The Naiad Voyages

Mark Austen

2016.11.27 - More Coachroof

I had a lot to do today if I wanted to meet my target of having the coachroof in place although not fixed by the end of the weekend. The planing of the forward beam had been carried out yesterday and the compression foot had been glued meaning that this morning I could start by cutting out the biggest piece of plywood and getting that in place. That was followed by the aft-most part of the roof and companionway, then the front part of the coachroof and joining piece.

The front part of this beam had to be cut away at the same angle as the slope between the aft and fore parts of the coachroof.

It looks curved but it is in reality flat.

The compression post foot all cleaned up and sanded.

And here we go.

The first part of the coachroof cut out.

Cramps held it in place while the screws were added, the lines for the screws being drawn using the pencil gauge I made for the side decks weeks ago.

The planed beam had a somewhat different gauge since the pencil line had to be made with respect to the aft part of the beam as the front part had been planed and could not be used as a reference.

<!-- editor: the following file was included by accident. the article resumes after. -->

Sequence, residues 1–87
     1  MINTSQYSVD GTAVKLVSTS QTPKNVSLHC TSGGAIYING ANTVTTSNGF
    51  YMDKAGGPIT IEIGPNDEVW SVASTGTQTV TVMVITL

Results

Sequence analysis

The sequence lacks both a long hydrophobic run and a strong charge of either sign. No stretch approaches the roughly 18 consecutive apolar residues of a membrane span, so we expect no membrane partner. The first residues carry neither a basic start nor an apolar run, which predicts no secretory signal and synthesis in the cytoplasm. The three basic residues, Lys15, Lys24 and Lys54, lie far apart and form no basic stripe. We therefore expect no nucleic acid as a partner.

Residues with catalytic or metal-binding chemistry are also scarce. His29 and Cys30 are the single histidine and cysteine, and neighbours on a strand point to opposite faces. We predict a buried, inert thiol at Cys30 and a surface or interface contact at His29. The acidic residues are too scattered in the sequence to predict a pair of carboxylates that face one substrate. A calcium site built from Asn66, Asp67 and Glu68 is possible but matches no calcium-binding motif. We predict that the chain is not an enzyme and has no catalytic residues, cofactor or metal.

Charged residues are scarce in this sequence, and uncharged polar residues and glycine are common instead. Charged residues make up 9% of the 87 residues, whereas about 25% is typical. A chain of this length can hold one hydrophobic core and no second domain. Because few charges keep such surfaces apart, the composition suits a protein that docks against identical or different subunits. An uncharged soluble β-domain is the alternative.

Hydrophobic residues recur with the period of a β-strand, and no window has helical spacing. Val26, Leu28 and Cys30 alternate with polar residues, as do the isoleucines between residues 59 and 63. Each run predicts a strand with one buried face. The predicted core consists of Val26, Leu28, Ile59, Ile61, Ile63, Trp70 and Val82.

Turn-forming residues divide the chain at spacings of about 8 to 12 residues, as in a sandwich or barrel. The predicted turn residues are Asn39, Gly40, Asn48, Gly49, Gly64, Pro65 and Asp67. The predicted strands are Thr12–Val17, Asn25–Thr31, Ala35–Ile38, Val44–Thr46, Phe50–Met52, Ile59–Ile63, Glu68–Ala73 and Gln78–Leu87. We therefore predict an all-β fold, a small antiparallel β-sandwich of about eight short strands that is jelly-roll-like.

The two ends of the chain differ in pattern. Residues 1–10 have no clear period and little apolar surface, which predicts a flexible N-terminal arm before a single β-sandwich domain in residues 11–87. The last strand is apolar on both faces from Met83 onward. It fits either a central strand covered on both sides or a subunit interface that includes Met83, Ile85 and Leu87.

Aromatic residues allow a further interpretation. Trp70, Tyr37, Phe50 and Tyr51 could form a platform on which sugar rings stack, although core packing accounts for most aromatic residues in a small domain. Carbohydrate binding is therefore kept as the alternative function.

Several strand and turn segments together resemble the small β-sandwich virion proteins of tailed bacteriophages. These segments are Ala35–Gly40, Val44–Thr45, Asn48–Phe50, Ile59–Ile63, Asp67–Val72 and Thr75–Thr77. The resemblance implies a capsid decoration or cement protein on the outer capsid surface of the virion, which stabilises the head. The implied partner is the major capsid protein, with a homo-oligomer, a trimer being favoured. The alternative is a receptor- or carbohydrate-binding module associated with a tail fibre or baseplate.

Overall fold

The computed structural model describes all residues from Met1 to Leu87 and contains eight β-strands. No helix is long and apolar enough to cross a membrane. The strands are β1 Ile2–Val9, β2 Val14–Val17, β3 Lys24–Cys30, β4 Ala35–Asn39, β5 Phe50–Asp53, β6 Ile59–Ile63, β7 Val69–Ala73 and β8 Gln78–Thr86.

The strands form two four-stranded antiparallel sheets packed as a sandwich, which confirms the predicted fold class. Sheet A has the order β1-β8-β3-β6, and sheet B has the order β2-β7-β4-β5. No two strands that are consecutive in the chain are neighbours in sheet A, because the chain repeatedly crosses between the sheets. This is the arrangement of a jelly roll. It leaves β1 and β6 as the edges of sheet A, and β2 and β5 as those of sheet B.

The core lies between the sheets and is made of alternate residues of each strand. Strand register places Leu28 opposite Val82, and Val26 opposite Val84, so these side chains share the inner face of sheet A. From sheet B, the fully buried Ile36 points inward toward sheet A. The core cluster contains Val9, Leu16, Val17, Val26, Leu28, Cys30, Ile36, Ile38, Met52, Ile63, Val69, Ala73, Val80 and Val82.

Looks like this from the top...

...and this from underneath.

And here we are, the first bit done including cutting the hole for the flue.

It fits quite well.

Time for a break...

After a short coffee break the two part of the coachroof either side of the companionway were added and the centre section of the beam removed.

I can now get into the boat without having to climb over the beam every time.

Time for another break.

After my tea break I cut out the front section of the coachroof.

Lead weights were used to hold it in place as there is no way to clamp it. The sloped section was also cut out and the first piece of the coachroof screwed in place this morning was trimmed away so that the sloped piece fits correctly against the beam.

And here she is with the coachrooves all fitted. The will need to be trimmed but that will be after they have been glued in place.

Not at all bad. The hatches have to be done now but that is a job for another day. Or two.

I also have to figure out how to push the bottom piece of this part forward so that it can be joined to the coachroof.

I started the heater to see how well it heated the boat and the answer is not very well as there are holes all over the boat. So I blocked the portholes and companion way with various things.

Old sheets come in very handy at times.

And that did the trick. The interior of the boat heated up very well. This is good as I want to epoxy the coachrooves in place and then turn the heater on to keep the boat warm enough that the epoxy cures well.